I have wanted this for Cleveland for all of those seven years, and the two since I left as well. I realize that’s not nearly as long as many Cleveland fans; fans who have endured decades (or a lifetime) of their teams coming up short. But it’s long enough to feel a sense of satisfaction over last night’s win that goes beyond a mere victory or title. It’s long enough to have cried when that buzzer sounded. And it’s certainly long enough to be a Cleveland fan for always. Hats off to you, Believeland. You deserve it.

JUN
16

Viva Las Vegas

I'm not exactly sure how it is that I've managed to get to this point in my life without ever having been to Las Vegas. Except that I do know. In that I've simply never chosen to go there. My impression of the city has never been favorable, I'm not a gambler (except that company Christmas party that one year that I totally rocked even though the money was fake and no one believed it was any indication of how I would fare in an actual casino....pppssshhh). After so many years of assuming Vegas was a bit slutty, now having been there--for a work trip earlier this month--I can report that Vegas is, in fact, a bit slutty. At the risk of incriminating our society at large (not that it's any secret), this obviously resonates with people. This idea of boozy, scantily-clad evenings spent frittering away money in smoke-saturated hotel bottoms. Sign me up. Except don't. Because that sounds terrible.

I was in town for the JCK show (THE jewelry trade show), and it goes without saying that the place (the convention center...not Vegas, hells no) was a lot like how I imagine heaven. In that there were diamonds, gems, and jewelry pretty much everywhere. Diamonds. Freaking. Everywhere. I even got to try some on (it pays to know people), and when the makers of this Garrard tiara (they design the tiaras for the British Royal Family...in case you didn't hear me, I said the BRITISH ROYAL FAMILY) asked if I wanted to try on this Princess Di replica, I very nearly wet myself. Between that and the limousine that transported me to my next event immediately after, I haven't felt so fancy in all my life. So I suppose if you spend several days in a diamond-filled convention center, your nights in an upscale luxury resort, and get to expense all your meals and cap everything off with a day sitting poolside, maybe Vegas isn't so bad. I may even look forward to next year. But only because of the tiara.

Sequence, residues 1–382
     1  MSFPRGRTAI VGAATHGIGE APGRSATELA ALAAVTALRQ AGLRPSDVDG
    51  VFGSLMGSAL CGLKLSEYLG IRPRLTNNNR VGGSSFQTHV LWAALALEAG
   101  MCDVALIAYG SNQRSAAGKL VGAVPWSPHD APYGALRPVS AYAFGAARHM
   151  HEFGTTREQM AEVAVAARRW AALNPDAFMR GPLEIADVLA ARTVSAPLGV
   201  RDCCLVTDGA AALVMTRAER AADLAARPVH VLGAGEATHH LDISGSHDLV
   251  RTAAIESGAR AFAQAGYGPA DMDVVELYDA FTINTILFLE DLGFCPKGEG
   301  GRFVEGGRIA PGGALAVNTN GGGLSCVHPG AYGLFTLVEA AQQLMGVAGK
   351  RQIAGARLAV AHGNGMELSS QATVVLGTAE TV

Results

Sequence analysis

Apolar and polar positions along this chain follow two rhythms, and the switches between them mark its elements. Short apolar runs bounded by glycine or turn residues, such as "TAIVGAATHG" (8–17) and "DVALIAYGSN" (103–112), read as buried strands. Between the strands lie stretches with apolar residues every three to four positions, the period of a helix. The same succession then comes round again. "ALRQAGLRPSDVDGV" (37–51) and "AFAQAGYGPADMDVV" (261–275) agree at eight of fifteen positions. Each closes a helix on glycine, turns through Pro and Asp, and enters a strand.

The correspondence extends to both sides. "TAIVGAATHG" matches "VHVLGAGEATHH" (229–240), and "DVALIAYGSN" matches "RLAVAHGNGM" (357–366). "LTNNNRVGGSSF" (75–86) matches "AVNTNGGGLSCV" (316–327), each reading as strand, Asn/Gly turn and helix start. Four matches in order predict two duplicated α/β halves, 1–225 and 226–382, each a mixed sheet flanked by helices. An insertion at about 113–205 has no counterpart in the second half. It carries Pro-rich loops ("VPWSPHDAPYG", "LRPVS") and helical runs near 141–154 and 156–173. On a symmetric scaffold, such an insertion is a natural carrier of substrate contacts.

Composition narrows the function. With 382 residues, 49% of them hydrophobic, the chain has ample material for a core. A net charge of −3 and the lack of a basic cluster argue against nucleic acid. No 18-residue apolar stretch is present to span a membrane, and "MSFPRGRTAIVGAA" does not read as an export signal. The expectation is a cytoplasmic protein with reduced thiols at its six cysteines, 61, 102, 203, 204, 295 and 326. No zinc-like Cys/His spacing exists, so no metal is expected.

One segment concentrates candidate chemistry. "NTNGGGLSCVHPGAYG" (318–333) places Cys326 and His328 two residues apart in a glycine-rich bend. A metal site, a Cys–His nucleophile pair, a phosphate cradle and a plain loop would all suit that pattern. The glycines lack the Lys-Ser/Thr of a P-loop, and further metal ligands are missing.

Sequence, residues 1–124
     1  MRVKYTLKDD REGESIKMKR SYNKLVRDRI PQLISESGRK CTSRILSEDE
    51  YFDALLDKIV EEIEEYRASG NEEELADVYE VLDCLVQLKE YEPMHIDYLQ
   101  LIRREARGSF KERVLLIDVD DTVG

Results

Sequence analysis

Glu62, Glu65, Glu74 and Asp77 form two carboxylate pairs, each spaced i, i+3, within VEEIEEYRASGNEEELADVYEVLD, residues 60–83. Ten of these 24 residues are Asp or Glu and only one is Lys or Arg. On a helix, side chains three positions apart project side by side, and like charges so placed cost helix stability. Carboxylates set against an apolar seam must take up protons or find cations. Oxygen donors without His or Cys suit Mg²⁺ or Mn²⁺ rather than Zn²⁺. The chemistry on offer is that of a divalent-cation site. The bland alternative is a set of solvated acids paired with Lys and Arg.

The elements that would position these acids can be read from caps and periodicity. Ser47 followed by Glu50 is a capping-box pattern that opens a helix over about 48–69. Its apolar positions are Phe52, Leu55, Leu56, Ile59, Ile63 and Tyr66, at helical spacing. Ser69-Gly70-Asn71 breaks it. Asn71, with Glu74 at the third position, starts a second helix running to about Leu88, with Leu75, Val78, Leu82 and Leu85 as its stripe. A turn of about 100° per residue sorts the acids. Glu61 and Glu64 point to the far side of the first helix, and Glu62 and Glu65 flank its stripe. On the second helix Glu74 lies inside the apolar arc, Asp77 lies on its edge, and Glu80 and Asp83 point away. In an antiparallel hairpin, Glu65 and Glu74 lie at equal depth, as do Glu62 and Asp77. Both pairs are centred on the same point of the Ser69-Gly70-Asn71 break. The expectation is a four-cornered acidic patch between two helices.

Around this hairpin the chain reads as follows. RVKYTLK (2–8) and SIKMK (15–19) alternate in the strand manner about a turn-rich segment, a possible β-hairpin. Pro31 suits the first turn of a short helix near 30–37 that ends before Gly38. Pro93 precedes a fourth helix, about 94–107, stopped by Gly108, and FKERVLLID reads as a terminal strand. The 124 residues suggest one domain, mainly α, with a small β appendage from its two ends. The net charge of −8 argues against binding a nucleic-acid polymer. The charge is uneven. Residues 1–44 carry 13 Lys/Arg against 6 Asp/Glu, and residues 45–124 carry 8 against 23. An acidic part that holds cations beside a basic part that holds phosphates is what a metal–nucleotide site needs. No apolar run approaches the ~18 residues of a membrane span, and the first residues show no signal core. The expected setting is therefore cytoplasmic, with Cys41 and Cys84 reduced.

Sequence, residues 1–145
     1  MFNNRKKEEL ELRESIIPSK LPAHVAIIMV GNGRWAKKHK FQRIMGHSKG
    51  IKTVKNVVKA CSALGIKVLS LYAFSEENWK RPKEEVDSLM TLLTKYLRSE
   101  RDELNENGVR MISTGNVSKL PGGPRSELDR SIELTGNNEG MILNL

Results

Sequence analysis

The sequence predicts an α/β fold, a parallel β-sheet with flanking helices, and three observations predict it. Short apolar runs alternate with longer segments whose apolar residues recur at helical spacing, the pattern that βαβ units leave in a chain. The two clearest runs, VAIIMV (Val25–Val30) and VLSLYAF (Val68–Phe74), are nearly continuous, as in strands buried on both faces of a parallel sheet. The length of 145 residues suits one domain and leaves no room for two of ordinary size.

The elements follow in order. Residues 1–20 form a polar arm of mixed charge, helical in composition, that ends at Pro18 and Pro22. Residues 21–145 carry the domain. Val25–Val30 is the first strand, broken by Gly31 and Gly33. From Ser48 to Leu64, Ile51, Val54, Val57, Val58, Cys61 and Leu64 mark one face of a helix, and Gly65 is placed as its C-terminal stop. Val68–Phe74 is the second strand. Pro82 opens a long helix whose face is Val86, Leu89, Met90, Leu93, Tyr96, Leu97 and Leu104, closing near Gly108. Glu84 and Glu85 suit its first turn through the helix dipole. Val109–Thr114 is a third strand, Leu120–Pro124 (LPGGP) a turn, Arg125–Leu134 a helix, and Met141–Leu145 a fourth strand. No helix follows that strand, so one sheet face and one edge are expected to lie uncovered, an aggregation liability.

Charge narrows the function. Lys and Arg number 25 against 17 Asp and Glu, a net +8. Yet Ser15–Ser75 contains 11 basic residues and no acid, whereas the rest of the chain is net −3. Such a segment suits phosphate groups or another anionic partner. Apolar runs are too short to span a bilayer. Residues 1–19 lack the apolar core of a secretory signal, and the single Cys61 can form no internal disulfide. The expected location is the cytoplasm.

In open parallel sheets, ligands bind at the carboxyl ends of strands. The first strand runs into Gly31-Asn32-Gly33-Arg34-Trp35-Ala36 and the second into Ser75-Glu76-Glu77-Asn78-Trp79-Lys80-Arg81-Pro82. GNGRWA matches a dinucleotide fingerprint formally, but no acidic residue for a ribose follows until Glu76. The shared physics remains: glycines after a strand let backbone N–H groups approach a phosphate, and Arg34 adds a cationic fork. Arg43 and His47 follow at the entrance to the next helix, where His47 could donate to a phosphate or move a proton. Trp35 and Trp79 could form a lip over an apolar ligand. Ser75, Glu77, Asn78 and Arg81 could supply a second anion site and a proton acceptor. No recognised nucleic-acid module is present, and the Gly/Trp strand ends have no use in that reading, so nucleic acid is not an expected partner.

MAY
29

May Days

And there goes May. Seriously, I'm not sure where the month went. Although I suppose that's not entirely true. Because I can tell you exactly what I've been doing. Mostly I've been putting in a ton of hours at work in preparation for JCK Las Vegas (if you're there, stop by and see me at the GIA booth!), but I've also managed to squeeze in some California fun as well. There was Dapper Day at Disneyland, which I mentioned here, and I also took my first trips to both Huntington Beach and Long Beach. On one hand, it's like, I freaking live at the beach, so it's not like Huntington provided anything I don't already have in my every day life...except maybe the lifeguard who liked doing push-ups (see above picture).

The highlight of my beach tour was actually the Queen Mary in Long Beach. If you think Saturday-night dinner and dancing is charming on its own, try doing it on an old, historic ship that feels all Titanicky inside, complete with super teeny tiny bathrooms. I'll definitely be going back. And I'll definitely be peeing beforehand. I also took in a Billy Joel concert at Petco Park, and he is, quite frankly, the best. May also saw me celebrating the one year anniversary of passing my big gemology test, so that's triggered a whole host of satisfying and happy memories. Made even happier when I look around me and see that the impacts upon my life for having changed my career trajectory are both far-reaching and permanent.